BETTER THINGS AND THE MANY MASKS MOTHERS WEAR

Considering the episode’s title, “Sick”, and its comic-cum-tragic opening, it would have been easy to assume this episode was going to centre around Phil (Celia Imrie) and whatever ailment that has caused her to piddle on a book shop’s floor in the worst possible moment. Confronted with a young boy wearing a cape and a fake moustache, Phil relishes in a rare moment of eerie superiority that would never have the same effect on Sam and her grandchildren.

This strange kid takes her seriously as she questions his fake moustache’s motives, his eyes growing bigger and more afraid with every taunting minute. But as is usually the case for Phil, she ends up being the source of ridicule and pity rather than respect when the young boy watches the urine trickle from under her yellow skirt, his expression as confused and shocked as her own.

Embarrassed and startled, Phil ushers Sam – who was oblivious to the situation – out of the bookshop, happy to forget any of this ever happened. Like a child desperate to hide another bed-wetting accident for fear of disappointing its parents, Phil hides her muddled mental state from her daughter and grandchildren for fear of becoming a burden. Something isn’t quite right with Phil, but for the moment, it’s not her who is sick. It’s Sam.

Sam is showing all the classic signs of lovesickness, only hers operates on a level a lot more complex than the opera of inexpressible emotions a teen might feel for an unrequited crush. She’s distracted, anxious, moody and frightened of the possibility of embarking on something real. She has gotten so good at being alone, at constantly putting aside her own life and feelings in favour of her children, she has entirely forgotten what it feels like to confront herself as an individual. Robin (Henry Thomas), the source of her heartache, has thrown her for a complete loop.

Like most mothers, Sam does not have the luxury to be inconsiderate; that is a task best left to her teenaged girls Max (Mikey Madison) and Frankie (Hannah Alligood). When the kids find their family dog, Daisy, dead on the floor, Frankie and Max are quick to tell their mother what must be done, but they don’t pause for a second to mourn the animal, or check in with how Sam is handling the morbid discovery on her hallway carpet. The only one still capable of showing empathy is Duke (Olivia Edward), the youngest of the bunch. She sweetly explains she needs some time alone, but not before asking Sam if she’s OK and patting her on the head.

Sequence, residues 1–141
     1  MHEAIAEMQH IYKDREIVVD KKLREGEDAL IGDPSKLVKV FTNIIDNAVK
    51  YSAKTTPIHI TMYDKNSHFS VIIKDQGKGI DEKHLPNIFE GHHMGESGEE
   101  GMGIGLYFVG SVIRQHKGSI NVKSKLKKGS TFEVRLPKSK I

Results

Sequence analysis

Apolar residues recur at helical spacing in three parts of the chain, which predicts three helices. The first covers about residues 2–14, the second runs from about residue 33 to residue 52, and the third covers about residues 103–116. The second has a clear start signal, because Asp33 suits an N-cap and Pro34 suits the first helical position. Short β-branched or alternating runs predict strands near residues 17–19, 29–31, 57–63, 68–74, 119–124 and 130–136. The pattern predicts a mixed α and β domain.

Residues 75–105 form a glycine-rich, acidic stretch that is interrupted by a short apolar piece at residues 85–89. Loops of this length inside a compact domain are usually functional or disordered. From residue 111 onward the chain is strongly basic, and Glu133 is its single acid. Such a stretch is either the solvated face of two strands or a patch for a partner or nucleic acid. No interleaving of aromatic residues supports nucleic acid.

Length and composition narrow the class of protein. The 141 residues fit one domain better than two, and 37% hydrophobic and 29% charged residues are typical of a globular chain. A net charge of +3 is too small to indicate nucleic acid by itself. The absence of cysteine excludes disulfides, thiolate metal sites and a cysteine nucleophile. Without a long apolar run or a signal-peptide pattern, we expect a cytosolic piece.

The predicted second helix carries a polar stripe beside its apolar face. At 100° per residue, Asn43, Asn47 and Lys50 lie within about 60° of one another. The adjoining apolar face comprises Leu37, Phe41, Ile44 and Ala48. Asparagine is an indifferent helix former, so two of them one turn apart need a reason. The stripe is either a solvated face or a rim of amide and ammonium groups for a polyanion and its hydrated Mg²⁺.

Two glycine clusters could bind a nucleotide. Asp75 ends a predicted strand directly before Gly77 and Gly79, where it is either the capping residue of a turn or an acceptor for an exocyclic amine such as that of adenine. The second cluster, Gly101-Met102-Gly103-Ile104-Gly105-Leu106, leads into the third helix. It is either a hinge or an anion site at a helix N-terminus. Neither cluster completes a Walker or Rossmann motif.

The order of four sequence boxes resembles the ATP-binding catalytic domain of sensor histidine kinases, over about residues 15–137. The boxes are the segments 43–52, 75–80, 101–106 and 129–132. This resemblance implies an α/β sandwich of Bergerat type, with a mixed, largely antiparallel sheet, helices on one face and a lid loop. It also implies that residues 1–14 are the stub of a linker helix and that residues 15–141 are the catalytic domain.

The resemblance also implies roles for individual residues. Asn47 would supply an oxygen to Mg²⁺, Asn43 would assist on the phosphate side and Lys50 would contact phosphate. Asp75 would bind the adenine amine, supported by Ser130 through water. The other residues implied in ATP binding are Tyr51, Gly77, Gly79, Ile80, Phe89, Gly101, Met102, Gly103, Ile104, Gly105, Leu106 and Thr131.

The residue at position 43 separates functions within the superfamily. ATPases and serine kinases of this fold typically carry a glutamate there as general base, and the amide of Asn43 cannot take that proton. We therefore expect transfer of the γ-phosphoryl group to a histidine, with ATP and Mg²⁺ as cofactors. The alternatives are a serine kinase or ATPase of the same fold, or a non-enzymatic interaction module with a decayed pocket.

Whether she’s dealing with a dead dog, an asshole ex-husband, a difficult mother or a thirty-year-old Spanish Casanova dating her sixteen-year-old daughter – Sam is forced to bite through the pain, anger and disappointment in a bid to stay strong for her daughters, so the prospect of allowing herself to fully feel and react in a manner that is not edited, and does not downplay her inner turmoil, is downright terrifying.   

Teen love is exciting – albeit it nauseatingly so -, adventurous and new. Adult love is swapping emotional baggage and deciding whether you have the muscle to carry the weight of another person’s brick-filled suitcase on top of the load you are already carrying with three kids, a mother and an unspecified number of dogs to care for. And it’s something Sam isn’t sure she’s ready for.

When Frankie invites her dad – Sam’s estranged husband – over for dinner, Sam can only bare to agree through gritted teeth. Of course, she wants her kids to have a good relationship with their father, but it causes her a great deal of distress, not only on a personal level, but in terms of what his rare and impromptu visits do to her daughters – each time he swings by they are filled with hope, only to be let down again. But as always, Sam keeps her mask fastened on tightly, and simply picks up the pieces whenever shit hits the fan again.

 And yet, while watching Max gently rest her head on her father’s shoulder as he plays the piano, and Duke contently smiling at her, Sam realizes that, perhaps, moments like this might be worth taking a risk for – as petrifying as it might be.